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Workers have lunch on the roof of the building of an electronics factory in Suining city in China's Sichuan province to prevent the spread of the coronavirus. Photo: EPA

Coronavirus: China reports work-related infections as factories, offices resume operations amid outbreak

  • Gree Electric, the country's biggest air-conditioner manufacturer, was forced to check and quarantine employees after a bus driver had close contact with a suspected case
  • China is attempting to slowly resume economic activities after an extended Lunar New Year holiday, while also controlling the spread of the coronavirus

Cracks have appeared in China’s eagerness to resume economic activities amid the coronavirus outbreak, with a number of work-related cases reported.

Gree Electric, the country's biggest air-conditioner manufacturer located in the city of Zhuhai in Guangdong province, was forced to take emergency action last week to check and quarantine its employees after a bus driver was found to have had close contact with a suspected case, according to a notice published by the company’s labour union on its social media account.

The contracted driver, surnamed Feng, had been driving employees to and from work last week until Saturday, with Gree now “intensely” checking the condition of employees who had travelled on the bus.

In addition, Feng was found to have had a meal with three colleagues last week, which was against his company’s policy concerning coronavirus control. According to the statement, Gree recommended that the contractor sack all four drivers despite the quartet, plus Feng’s son, later testing negative.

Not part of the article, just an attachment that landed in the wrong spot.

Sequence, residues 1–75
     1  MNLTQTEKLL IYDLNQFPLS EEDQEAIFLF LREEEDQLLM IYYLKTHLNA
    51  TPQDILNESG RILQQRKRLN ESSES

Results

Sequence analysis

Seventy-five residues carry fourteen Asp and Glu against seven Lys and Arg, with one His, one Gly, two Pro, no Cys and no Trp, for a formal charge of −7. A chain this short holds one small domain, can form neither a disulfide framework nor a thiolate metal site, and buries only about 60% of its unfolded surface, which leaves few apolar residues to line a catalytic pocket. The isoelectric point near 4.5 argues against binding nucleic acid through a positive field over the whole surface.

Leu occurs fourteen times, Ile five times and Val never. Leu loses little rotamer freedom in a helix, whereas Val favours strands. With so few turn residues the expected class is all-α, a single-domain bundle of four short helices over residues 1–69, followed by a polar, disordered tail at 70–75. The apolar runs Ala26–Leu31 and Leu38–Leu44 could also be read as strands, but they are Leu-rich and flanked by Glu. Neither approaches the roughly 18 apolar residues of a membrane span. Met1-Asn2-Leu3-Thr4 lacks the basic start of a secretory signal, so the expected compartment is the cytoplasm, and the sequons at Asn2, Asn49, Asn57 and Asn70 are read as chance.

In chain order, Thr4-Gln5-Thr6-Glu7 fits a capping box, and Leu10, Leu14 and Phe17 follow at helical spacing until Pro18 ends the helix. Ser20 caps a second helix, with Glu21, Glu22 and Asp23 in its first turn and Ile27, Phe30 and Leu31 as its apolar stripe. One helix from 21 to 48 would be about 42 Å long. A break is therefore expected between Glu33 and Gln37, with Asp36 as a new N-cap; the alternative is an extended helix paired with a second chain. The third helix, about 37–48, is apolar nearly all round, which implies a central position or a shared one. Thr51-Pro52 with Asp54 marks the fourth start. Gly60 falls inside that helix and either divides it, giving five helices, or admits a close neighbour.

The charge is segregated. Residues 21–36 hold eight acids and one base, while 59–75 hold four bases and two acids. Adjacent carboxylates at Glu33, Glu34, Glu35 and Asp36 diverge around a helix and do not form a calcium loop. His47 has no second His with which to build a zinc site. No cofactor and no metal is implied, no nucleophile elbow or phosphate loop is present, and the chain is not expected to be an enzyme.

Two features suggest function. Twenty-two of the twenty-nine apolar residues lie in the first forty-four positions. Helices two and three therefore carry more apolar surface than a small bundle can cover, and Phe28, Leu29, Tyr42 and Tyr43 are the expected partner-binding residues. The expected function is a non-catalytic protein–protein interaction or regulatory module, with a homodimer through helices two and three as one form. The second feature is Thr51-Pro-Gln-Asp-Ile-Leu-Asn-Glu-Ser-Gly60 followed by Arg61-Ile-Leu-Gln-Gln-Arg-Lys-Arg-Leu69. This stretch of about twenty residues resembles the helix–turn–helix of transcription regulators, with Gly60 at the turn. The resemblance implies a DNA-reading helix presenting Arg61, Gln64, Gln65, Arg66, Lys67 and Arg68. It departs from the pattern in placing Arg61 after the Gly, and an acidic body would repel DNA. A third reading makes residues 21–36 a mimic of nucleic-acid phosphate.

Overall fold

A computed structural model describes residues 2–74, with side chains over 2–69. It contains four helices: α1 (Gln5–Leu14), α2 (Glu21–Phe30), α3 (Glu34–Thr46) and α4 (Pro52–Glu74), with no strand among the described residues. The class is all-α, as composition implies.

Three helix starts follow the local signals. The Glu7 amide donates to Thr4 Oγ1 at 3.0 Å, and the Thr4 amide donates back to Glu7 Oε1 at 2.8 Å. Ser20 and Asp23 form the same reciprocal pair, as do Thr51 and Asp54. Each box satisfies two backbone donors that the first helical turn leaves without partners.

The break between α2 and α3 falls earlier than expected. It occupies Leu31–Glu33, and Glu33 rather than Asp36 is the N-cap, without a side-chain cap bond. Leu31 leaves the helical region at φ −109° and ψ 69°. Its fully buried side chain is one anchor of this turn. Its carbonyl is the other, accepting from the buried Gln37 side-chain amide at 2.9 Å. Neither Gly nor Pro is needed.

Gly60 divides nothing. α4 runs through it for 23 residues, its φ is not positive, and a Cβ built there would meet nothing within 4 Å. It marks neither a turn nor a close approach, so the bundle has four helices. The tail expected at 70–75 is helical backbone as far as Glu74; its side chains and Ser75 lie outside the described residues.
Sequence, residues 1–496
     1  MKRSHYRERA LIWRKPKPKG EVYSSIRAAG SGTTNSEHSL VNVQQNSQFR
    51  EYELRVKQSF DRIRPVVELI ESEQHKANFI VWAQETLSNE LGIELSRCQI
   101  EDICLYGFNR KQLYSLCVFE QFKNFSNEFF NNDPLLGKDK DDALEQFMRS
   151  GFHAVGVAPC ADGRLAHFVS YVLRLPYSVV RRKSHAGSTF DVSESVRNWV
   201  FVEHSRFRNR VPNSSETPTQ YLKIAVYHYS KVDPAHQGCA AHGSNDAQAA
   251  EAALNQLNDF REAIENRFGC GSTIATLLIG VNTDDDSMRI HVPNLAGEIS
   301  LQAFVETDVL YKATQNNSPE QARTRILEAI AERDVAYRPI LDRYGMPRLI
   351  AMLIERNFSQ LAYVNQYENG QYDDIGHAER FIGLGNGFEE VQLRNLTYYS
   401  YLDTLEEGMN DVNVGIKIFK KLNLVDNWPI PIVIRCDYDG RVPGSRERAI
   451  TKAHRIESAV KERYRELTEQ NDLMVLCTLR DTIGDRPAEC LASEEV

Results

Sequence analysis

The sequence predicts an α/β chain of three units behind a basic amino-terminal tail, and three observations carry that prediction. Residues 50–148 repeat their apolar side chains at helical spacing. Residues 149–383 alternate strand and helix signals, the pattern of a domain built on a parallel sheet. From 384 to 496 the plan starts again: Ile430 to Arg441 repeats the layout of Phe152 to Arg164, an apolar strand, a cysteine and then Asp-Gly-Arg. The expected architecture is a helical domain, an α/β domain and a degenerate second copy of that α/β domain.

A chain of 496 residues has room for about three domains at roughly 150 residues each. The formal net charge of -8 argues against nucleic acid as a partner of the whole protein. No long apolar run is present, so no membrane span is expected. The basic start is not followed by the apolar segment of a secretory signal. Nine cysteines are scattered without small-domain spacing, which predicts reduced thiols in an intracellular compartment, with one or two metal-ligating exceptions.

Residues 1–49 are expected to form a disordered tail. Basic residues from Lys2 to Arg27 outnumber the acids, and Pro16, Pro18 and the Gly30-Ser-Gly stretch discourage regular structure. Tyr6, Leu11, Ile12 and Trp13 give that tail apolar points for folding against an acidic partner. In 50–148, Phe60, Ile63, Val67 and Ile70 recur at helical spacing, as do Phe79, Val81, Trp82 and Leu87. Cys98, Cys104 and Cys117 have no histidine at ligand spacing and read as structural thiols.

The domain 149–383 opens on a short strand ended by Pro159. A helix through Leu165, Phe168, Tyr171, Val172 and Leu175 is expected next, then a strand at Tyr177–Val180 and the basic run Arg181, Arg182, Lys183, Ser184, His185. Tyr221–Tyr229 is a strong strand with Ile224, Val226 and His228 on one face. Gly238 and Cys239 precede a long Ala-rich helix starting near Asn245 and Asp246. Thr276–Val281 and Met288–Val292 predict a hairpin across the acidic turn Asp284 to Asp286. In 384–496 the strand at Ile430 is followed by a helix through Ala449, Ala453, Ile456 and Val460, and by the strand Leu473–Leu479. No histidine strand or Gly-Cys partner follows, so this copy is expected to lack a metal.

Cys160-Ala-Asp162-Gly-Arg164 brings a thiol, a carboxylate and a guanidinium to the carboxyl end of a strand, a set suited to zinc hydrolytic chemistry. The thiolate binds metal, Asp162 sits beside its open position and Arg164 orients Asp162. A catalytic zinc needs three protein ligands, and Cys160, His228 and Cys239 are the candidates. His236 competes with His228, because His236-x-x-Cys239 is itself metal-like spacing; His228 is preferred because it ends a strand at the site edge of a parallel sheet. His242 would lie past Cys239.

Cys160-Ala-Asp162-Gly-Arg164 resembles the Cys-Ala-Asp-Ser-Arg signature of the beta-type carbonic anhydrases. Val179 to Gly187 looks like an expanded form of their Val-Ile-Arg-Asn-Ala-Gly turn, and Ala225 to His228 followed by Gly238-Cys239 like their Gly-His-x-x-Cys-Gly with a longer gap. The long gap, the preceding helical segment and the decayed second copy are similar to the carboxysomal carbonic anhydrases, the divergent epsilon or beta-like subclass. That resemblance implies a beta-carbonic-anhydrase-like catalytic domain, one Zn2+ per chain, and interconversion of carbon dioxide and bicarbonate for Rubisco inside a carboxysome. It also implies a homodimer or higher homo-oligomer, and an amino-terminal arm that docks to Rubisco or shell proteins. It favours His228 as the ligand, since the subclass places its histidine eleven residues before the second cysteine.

The Gree statement, which was later removed, did not provide details on how many workers have been placed under quarantine. Gree declined to comment further when contacted by the South China Morning Post.

Gree was one of the first to resume production in Guangdong, with provincial party secretary Li Xi visiting the plant last week, two days after 11,000 workers – around one third of the total workforce – resumed operations, according to a report by the official Nanfang Daily.

In another case in Chongqing, more than 130 employees of Chongqing Titanium Industry, a unit of Pangang Group, had to be quarantined and the factory was again forced to halt production after two members of staff were confirmed as being infected at the start of last week, according to a notice by the local industrial estate where the plant is based.

In Guangzhou, an employee tested positive for coronavirus, forcing the company to quarantine its remaining members of staff since Friday.

In Shenzhen, the local health department reported on Sunday a case involving a salesperson working at a supermarket in the city’s Baoan district.

The cases present reminders for both local governments and companies about the difficulties in balancing efforts to control the coronavirus outbreak while also minimising the impact on the economy.
Huge numbers of factories, construction sites and office buildings across the country are still waiting for local government approval to restart operations.
We just checked our application … and our factory is now still number 2,371 on the waiting list … I’m just speechless
Shenzhen-based manufacturer
Local authorities are carefully toeing the delicate balance of gradually resuming production and keeping the outbreak under control as Beijing has delegated the decision to restart economic activities to county-level authorities.

In general, manufacturers with large scale production, a close relationship to the government and sufficient supplies will be among the first to receive approval, while many smaller factories, especially those labour-intensive operations that rely on migrant workers, may have to wait longer.

“We just checked our application … and our factory is now still number 2,371 on the waiting list … I’m just speechless,” a Shenzhen-based manufacturer said.

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